A Moment with Juju Supply Co.

A Moment with Juju Supply Co.



For Casey Benjamin, big risks beget big rewards.

In 2015, when she found out her cancer—dormant for eight years—was back with a vengeance, she didn’t freeze. Instead, she sprung into action, leaving her marriage, city, old life behind.

Ultimately, throughout her fight, she drew great strength from an old high school friend, Jonathan Singer, who turned out to be her soulmate. And, as he helped her through her battle, they discovered how comforting, energetic, supportive and positive certain special amulets, talismans and crystals could be.

Together, they started Juju Supply Co., a line of jewelry charged created with positive energy in mind. Pieces are designed to promote everything from compassion to healing to starting over and are perfect good luck charms for a friend in need. 

Here, Casey Benjamin shares why confidence in the face of change can make all the difference: 

Live the Process: How and when did you and Jon originally become friends and then later reconnect?

Casey Benjamin: I believe in fate! 

My partner Jon and I met back in the 90s. If you ask any people who knew us in high school, they would all agree that we were inevitable. Sixteen years ago, we both married other people. In the summer of 2015, we found ourselves both in Chicago, divorcing those same people. Then, the Universe moved some mountains, opened up a pocket for us and we slipped right in.

In June of 2015, my son had an accident that kicked off the series of events that literally saved my life. He was 8 years old at the time and dislocated his knee on our friend’s trampoline. The injury landed him in a wheelchair and sent the two of us to Chicago for the summer. My husband and I were renovating a home in Brooklyn at the time and the living situation became untenable with a kid who couldn’t walk. 

Now in Chicago, I woke up one night with a high fever and stomach pains. My mother took me to the ER. At the hospital, I had a CAT scan of my abdomen and the imagining caught something in my lungs—an area they weren’t even scanning. They called it an “incidental finding.” It was a 3-cm mass on my left lung.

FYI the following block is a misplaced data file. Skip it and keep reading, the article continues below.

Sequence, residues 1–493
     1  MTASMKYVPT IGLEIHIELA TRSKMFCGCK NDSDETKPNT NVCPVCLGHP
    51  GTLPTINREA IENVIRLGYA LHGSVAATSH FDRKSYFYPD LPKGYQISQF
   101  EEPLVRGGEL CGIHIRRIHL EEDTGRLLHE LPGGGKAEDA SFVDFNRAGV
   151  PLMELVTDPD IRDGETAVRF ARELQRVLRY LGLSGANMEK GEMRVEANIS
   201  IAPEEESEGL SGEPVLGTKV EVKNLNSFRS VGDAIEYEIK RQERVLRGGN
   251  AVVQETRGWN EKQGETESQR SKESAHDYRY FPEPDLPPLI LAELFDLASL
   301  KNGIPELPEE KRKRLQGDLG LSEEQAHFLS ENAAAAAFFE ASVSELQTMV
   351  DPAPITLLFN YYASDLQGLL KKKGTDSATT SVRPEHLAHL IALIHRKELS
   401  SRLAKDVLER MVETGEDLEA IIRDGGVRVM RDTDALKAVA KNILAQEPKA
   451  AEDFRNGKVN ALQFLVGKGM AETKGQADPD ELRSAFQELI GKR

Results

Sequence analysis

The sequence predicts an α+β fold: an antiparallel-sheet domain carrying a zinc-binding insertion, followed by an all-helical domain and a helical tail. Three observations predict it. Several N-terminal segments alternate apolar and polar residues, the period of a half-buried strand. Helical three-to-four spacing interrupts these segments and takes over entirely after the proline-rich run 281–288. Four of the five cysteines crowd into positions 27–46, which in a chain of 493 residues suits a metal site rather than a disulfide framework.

My cancer was back. In 2008, I had beaten cervical cancer after five rounds of chemo and six weeks of internal and external radiation. Banging up against my own mortality for a second time, I seized the opportunity for radical life change. I sold the house, ended the marriage and quit my job. I committed to living a life that was authentic and sharing it with my kids. I had become a muted version of myself.  

I must have put a silent APB out to the universe: “I am restarting my life, bring me my soulmate!” As I entered into a serious fight for my life in a city that wasn’t mine, the high school guy became mine. I had a lobectomy of my left lung, then went through six rounds of heavy adjuvant chemo to knock out any more rogue cancer cells. My hair fell out, I looked skeletal, I turned gray and I had serious case of chemo brain. It didn’t matter one stitch to him. I never felt sexier or more loved. It was like I won the lottery on the same day that I got fired.

It’s now two years later, and we haven’t been apart since. We have renovated a home in Michigan, drank mojitos in Miami, hiked around New Mexico, hung in LA, bought costumes for a 1978 party in Nashville, worn white jeans in Palm Springs, shopped swap meets in Yucca Valley, started Juju Supply, bouldered in Joshua Tree, looked at art in Beacon, took a major “Fuck Cancer!” trip to India and Sri Lanka, traveled with all our kids to Mexico and have vowed to not let more than five days go without seeing each other. It works so effortlessly because we are meant to be.